2 2022-01-19        33561310 INTERIM       APPLY       OJVM RELEASE UPDATE: 19.14.0.0.220118 (33561310)         19.14.0.0.0       19.14.0.0.0       

I don’t want to go into the details of the output but you easily recognize that the view CDB_REGISTRY_SQLPATCH tracks all changes, not only RUs but also interim (one-off) patches.

Please do always two things:

  1. Don’t access DBA_REGISTRY_SQLPATCH but instead CDB_REGISTRY_SQLPATCH instead since your scripts will then display the correct information in an CDB environment, too
  2. Always set alter session set "_exclude_seed_cdb_view"=FALSE; since otherwise you will miss PDB$SEED – and this could end in a true nightmare. It does not harm to use this underscore even in non-CDB environments. And if you wonder why it is set to FALSE by default, please open an SR and refer any of the open bugs with this default parameter setting.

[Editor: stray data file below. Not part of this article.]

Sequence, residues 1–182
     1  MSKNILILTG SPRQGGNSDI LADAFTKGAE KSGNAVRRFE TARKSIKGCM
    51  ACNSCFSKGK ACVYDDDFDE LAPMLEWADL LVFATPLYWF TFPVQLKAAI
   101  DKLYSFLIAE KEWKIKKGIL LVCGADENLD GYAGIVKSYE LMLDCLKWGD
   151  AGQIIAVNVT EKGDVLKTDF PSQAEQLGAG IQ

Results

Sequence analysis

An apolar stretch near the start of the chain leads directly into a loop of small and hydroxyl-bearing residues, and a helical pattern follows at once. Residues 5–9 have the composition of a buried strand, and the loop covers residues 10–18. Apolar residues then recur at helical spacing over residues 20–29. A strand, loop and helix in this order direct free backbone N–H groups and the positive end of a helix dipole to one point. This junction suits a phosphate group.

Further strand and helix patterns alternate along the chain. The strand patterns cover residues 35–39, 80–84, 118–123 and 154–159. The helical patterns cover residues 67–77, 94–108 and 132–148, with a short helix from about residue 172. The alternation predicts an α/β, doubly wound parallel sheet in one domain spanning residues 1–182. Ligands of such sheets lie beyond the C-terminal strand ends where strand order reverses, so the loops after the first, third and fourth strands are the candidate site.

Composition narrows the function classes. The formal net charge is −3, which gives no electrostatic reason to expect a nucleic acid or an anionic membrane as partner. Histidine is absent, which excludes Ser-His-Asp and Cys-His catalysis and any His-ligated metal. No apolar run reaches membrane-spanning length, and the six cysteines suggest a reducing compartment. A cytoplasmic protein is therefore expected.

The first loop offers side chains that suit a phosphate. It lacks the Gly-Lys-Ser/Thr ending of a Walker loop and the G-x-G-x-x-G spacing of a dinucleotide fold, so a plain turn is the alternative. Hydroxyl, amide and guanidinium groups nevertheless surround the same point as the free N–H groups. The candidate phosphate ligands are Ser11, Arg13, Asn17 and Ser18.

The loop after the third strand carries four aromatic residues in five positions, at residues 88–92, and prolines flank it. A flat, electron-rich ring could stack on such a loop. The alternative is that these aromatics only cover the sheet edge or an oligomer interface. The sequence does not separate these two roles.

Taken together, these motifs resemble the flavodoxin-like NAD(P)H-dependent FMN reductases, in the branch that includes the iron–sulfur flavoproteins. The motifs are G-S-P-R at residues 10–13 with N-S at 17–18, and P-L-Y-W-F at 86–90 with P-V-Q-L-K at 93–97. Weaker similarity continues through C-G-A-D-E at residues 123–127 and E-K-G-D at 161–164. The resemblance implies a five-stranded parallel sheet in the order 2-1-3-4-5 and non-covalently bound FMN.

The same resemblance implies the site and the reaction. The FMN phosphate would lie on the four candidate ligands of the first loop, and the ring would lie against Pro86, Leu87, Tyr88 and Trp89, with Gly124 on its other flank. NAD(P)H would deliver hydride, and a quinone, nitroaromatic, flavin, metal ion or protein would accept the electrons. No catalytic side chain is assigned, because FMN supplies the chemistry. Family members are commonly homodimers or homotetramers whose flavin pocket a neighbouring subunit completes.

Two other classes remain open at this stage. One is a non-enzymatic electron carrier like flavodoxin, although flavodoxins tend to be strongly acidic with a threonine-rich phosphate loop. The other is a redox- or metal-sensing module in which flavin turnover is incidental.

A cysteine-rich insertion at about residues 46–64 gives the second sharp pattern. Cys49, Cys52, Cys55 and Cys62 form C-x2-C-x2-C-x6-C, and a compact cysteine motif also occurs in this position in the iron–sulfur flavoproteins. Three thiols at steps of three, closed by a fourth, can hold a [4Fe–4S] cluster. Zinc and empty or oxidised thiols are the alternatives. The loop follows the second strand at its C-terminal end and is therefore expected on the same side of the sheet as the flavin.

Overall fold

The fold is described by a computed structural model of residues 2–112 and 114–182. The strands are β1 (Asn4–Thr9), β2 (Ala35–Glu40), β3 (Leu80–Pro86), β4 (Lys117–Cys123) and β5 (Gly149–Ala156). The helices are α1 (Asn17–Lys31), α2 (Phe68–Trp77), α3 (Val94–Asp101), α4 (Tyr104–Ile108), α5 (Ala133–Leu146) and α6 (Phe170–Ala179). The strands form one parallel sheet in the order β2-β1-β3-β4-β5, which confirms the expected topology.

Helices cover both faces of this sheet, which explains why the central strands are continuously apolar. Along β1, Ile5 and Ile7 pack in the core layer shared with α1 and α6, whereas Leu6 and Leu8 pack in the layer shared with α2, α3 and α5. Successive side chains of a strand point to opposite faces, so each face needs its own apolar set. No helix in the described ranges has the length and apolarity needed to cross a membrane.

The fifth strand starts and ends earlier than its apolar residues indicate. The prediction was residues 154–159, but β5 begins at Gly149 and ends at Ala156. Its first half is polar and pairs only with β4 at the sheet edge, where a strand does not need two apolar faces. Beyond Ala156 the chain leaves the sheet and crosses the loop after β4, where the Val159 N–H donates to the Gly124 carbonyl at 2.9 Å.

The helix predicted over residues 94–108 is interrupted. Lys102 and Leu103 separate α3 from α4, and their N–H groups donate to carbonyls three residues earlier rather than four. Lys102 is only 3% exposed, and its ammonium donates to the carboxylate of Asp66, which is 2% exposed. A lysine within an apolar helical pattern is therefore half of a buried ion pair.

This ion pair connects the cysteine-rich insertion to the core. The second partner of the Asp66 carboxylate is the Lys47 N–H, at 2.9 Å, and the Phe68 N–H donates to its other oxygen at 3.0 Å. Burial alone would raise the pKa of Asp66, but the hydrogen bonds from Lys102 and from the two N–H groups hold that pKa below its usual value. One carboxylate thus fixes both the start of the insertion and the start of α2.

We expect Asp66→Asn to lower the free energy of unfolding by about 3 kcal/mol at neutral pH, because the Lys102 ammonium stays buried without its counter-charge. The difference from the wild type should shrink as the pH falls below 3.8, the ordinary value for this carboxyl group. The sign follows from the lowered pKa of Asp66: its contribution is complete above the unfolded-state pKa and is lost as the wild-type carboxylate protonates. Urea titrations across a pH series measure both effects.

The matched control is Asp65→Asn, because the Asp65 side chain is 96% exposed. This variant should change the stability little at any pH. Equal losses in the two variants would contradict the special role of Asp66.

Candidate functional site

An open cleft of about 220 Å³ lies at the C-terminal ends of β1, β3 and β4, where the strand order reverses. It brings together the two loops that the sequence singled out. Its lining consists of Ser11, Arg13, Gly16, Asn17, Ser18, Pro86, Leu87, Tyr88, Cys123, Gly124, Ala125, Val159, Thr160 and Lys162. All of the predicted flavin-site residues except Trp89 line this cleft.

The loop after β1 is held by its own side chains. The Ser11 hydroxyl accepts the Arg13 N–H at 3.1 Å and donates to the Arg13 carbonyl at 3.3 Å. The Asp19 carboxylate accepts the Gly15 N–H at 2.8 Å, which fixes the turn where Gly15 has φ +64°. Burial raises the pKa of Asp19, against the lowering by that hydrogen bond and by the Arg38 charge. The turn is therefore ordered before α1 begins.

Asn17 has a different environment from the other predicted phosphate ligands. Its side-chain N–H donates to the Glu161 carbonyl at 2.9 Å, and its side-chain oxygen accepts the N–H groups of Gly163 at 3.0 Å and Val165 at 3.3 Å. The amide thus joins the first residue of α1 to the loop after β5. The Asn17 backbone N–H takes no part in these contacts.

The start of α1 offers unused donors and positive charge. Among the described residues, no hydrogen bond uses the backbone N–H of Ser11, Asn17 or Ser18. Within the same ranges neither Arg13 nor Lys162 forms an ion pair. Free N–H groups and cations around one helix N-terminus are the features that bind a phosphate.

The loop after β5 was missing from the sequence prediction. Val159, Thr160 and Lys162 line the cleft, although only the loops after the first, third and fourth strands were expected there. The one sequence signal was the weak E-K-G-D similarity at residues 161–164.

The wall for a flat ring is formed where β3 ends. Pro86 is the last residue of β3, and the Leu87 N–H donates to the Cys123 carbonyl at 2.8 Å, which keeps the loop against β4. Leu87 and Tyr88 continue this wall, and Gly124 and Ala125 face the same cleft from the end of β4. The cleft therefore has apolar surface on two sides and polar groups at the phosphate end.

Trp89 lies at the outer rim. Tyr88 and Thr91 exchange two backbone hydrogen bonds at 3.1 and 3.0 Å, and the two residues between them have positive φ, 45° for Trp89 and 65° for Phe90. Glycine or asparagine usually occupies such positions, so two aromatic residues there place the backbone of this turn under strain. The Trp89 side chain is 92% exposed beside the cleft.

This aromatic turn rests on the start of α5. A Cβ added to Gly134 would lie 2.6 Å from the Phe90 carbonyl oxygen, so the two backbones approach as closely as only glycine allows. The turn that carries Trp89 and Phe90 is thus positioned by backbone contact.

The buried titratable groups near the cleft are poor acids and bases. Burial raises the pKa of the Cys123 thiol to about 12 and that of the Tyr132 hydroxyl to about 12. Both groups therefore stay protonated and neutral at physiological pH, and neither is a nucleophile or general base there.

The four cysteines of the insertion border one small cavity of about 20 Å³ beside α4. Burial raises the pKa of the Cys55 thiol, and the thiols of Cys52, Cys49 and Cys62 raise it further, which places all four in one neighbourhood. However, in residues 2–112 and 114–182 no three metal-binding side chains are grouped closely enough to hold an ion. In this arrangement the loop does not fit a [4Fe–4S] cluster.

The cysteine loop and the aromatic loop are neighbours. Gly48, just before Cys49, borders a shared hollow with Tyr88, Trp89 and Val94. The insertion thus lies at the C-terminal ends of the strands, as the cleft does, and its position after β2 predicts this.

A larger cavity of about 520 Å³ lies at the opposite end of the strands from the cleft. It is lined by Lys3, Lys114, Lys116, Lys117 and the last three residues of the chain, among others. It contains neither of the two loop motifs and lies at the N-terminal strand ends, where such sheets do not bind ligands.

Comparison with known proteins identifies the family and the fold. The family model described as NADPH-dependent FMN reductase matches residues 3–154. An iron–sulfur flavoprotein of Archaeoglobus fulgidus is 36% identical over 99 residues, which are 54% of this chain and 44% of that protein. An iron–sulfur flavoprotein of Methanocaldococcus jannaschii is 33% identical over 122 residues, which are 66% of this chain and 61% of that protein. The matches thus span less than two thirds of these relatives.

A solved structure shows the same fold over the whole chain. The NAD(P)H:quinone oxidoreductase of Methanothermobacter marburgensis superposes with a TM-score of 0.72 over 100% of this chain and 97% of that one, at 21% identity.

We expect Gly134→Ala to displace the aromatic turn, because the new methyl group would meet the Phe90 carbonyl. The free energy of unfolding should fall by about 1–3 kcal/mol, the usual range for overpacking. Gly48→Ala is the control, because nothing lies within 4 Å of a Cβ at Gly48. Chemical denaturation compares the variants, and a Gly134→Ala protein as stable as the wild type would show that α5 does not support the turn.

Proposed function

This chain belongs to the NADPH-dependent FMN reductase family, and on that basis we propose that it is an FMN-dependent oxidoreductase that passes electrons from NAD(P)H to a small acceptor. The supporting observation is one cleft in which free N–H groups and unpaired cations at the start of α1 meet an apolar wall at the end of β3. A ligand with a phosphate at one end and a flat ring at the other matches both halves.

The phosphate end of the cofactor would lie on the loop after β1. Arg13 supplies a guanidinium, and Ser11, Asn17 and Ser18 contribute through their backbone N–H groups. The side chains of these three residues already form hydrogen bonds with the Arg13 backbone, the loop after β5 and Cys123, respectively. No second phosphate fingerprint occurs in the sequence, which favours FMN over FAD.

You may also potentially add a delimiter on ACTION_TIME to the above script to see only the patch actions maybe from the past 6 months, especially since 19c will have a longer life most likely. And be aware that the list is sorted by CON_ID at first. You may also prefer a sorting on the ACTION_TIME instead.

In summary, your database knows when it has been massaged by datapatch.

 

What if you forgot to run datapatch?

This is a common question we hear from time to time – and actually we see sometimes out there. You patched nicely with opatch, but somebody forgot to run datapatch.